Epilepsy is a disruption of brain function that results in a series of seizures or fits. It can affect anyone of any age, level of intelligence and ethnic group. Most types of epilepsy respond well to regular medication and many people become seizure-free. With medication and a sensible lifestyle, a full and active life is possible.

How is epilepsy diagnosed?

Epilepsy is not one condition. There are numerous epilepsy syndromes and each has its own symptoms, seizure types, causes, methods of diagnosis, outcomes and management. For this reason it’s important that your epilepsy syndrome be identified and the proper treatment determined in consultation with your GP.

Seizures can be convulsive or non-convulsive. Seizure types vary but the most common types are:

• tonic-clonic
• absence
• simple and complex partial

Convulsive seizures

Generalised tonic-clonic seizures are seizures that involve the whole brain. There is a loss of consciousness, the body stiffens and the limbs jerk. These seizures generally last one to three minutes, after which the person may wish to rest or sleep.

Non convulsive seizures

Absence seizures mostly affect children. These seizures also involve the whole brain and are associated with brief (up to 30 seconds) periods of loss of consciousness that may occur many times a day. Absence seizures are often mistaken for daydreaming or lack of concentration and can disrupt learning by creating gaps in information received.

Simple and complex partial seizures occur when the abnormal cell activity affects only part of the brain. These seizures can vary widely depending on which part of the brain is involved. The person may experience:

• stiffening or jerking of part of the body
• a loss or distorted awareness of surroundings
• unusual feelings, tastes or smells
• temporary speech impairment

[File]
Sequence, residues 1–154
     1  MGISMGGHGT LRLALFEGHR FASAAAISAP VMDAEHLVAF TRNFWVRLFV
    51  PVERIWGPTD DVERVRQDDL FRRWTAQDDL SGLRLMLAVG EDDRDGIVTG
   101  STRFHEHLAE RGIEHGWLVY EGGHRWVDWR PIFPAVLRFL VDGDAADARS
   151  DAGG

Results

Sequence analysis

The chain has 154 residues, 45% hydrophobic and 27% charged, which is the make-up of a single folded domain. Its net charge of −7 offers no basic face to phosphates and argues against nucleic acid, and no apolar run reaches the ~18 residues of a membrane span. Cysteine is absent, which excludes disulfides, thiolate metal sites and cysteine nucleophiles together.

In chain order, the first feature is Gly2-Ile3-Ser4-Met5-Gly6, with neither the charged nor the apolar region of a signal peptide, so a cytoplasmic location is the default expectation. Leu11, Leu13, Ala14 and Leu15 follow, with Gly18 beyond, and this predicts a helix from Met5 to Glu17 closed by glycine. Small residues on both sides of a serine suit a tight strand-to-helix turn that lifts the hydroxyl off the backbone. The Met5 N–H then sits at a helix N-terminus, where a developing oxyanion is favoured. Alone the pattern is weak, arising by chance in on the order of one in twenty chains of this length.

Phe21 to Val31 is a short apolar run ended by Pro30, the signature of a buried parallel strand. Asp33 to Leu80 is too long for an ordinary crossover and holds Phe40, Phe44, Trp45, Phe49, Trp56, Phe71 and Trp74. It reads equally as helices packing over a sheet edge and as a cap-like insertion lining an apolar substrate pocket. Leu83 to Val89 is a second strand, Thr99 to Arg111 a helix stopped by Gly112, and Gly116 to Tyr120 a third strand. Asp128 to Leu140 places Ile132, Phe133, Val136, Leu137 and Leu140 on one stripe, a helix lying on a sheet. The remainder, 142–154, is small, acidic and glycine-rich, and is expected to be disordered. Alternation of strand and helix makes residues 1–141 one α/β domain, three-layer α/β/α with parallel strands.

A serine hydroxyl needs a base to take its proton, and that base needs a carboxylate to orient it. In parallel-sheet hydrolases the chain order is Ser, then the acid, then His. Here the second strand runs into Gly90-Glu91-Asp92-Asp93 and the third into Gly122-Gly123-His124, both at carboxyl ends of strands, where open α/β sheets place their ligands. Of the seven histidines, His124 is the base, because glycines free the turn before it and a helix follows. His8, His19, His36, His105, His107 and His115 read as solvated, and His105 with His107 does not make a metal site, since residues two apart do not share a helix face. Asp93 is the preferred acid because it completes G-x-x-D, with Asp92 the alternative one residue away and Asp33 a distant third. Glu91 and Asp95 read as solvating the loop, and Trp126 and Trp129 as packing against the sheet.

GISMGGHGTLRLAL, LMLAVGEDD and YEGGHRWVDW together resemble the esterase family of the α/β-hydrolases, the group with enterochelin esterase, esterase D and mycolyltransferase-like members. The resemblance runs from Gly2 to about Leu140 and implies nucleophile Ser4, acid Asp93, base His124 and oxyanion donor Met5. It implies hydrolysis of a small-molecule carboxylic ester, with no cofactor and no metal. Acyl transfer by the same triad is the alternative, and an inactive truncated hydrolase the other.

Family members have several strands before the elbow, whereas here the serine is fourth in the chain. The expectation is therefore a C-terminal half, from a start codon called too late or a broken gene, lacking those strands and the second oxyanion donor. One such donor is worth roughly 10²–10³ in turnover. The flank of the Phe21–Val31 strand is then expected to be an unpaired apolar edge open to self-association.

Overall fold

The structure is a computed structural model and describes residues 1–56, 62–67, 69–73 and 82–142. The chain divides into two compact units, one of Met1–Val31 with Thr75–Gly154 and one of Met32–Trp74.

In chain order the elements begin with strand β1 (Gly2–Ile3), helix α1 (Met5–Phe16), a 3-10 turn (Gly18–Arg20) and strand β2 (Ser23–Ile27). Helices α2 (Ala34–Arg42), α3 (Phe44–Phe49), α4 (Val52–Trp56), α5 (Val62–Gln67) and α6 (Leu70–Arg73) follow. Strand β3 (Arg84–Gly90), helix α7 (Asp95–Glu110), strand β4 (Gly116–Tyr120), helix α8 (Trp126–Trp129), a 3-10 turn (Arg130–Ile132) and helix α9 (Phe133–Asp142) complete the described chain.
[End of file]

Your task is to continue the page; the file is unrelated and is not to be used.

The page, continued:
The person may also be unresponsive, confused or use inappropriate behaviour.

Safety during a seizure

If seizures are likely to occur, it’s important to tell teachers, friends and employers that you have epilepsy, for their safety as well as your own. Being informed and knowing the appropriate first aid procedures mean they can help you.

Below is a guide of what to do in the case of complex partial seizures and to check when an ambulance should be called.

Absence seizures don’t usually require any form of assistance other than reassurance when the attack is finished.


• Move harmful objects away
• Put something soft under his/head and shoulders
• Don’t put anything in his/her mouth
• Don’t restrain unless his/her action is dangerous to others
• As soon as possible, roll the person on to his/her side to assist breathing
• After a seizure a person may be confused. Reassure them until they are fully aware of their surroundings.

Call an ambulance

• If the seizure lasts for more than five minutes
• Another seizure quickly follows
• If the person is injured

What treatment is there?

Most people with epilepsy will have their seizures controlled with one medication, It is essential that you take your medication as prescribed.

Modern epileptic medications have few side-effects: however if you’re experiencing any side- effects make sure you speak to your doctor. Drowsiness is the most common side-effect but is generally only a problem at the beginning of the treatment.

Some medicines may produce behaviour problems or affect learning in children.

Will epilepsy affect your lifestyle?

Generally people with epilepsy cope very well. By managing your lifestyle you can continue to lead a full and active life. Don’t limit your horizons, although certain situations may trigger seizures for some people. These are:

• Fatigue lack of sleep
• Emotional stress
• Excess alcohol
• Menstruation

While these situations may be difficult to avoid at times. A sensible approach will reduce your risk of seizures.

There may be some restrictions on your lifestyle suspension of your driving licence or a possible need for career review, combined with the discrimination or stigma still wrongly associated with epilepsy within the community. Acceptance is the key. Once you accept that your epilepsy is part of you, you will be able to move forward and take control of your life, rather than allowing the epilepsy to control you.

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